Getting That Next Lesson is Like Hooking A Fish

Selling can be a lot like fly fishing. If you tug hard on the line, it will snap, and the fish will get away. The best method is a gentle coaxing that gradually brings the fish in to shore – although sometimes when they are spooked you have to let them out again and calm them down further away.

From an article on Sales at changingminds.org

Tip

Like a fisherman, have a plan on how you are going to reel in your client for another lesson.

Create Raving Fans

I took the opportunity to attend Michael Hyatt’s Platform 2014 Conference at the Broadmoor Hotel in November. This was a great couple of days for me, where I learned more about building a platform of followers and customers from which to deliver your message in a busy world. There are several lessons from the conference I hope to share with you that I believe can help us improve our business as ski and snowboard instructors. My trip report provides a quick survey of the event and further references.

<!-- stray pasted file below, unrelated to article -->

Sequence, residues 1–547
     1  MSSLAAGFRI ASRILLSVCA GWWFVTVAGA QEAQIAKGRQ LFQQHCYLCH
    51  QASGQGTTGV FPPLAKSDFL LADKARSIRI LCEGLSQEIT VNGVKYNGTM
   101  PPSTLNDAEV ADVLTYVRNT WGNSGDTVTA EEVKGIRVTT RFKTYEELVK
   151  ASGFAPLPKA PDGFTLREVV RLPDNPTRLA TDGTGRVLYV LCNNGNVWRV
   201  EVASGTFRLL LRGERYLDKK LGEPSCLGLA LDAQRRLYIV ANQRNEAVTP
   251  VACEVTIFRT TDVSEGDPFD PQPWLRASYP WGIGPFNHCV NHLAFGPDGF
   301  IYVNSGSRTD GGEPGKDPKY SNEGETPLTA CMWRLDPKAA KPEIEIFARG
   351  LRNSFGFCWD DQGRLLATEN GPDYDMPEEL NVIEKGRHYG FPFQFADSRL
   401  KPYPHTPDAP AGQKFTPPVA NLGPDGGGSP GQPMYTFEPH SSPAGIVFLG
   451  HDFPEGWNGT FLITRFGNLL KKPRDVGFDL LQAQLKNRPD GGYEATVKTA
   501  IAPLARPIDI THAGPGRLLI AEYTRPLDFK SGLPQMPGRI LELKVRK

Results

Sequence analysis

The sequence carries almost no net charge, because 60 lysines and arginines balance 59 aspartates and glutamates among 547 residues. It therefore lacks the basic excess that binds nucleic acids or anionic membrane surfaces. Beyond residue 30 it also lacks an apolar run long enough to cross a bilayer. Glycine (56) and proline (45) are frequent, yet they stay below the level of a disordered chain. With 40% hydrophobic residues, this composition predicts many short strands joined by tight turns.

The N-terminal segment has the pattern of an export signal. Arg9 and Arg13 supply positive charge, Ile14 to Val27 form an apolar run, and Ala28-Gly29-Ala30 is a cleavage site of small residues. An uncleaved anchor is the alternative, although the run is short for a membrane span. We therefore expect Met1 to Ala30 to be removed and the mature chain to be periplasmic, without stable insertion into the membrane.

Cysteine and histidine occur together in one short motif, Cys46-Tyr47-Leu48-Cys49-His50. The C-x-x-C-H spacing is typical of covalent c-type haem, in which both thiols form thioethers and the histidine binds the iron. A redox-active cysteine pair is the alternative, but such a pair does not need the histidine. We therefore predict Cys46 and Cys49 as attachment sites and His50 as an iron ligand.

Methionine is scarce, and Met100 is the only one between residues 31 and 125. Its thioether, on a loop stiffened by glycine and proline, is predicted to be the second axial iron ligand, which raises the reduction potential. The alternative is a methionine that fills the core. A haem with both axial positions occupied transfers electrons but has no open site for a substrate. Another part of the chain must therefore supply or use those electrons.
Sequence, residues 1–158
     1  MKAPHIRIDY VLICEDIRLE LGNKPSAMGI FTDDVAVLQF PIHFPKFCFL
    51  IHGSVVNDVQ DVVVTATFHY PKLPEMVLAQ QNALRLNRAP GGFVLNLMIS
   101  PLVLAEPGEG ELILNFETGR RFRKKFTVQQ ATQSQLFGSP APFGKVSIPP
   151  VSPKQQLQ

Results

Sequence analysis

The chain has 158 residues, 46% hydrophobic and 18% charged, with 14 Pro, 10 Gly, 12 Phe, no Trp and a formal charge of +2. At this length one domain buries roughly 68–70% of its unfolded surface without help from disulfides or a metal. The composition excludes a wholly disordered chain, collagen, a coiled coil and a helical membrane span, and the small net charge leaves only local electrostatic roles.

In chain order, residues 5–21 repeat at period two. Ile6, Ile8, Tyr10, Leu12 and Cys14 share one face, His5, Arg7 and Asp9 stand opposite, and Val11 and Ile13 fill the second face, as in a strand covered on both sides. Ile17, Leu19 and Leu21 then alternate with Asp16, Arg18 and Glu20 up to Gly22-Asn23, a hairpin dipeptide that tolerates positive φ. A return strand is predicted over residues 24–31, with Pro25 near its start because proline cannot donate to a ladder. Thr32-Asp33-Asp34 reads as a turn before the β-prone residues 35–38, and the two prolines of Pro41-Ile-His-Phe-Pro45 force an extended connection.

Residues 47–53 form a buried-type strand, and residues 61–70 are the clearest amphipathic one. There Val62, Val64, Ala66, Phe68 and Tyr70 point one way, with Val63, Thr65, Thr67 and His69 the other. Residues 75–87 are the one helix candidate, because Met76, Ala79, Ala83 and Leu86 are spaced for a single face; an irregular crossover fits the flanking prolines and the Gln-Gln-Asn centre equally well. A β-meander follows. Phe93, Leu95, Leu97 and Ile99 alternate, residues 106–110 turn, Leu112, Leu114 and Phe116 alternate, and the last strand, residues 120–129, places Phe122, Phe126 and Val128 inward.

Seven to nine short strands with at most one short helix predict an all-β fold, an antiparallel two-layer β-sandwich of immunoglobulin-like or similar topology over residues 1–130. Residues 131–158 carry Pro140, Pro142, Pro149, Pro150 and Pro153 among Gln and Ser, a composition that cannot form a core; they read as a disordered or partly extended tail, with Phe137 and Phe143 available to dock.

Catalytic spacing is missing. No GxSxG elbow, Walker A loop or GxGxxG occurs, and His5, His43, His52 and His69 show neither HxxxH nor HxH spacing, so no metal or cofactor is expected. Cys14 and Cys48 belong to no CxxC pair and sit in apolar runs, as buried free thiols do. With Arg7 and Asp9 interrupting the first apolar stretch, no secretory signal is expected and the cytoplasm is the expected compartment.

For today’s posts, I’m going to explore on Pat Flynn of SmartPassiveIncome.com talk on “1000 Raving Fans”

Create Raving Fans

At first this seems like an audacious goal. Creating not only fans, but raving fans from your ski school clients. We are not talking about the scale of Justin Beaver crazed fans. But people that are genuinely excited and enthusiastic. Clients that love to ski with you and can’t wait to ski and ride with you on their next visit. That is “Niche Famous”. To be raving, they are even willing to share with anyone that listens how great an experience they had with you.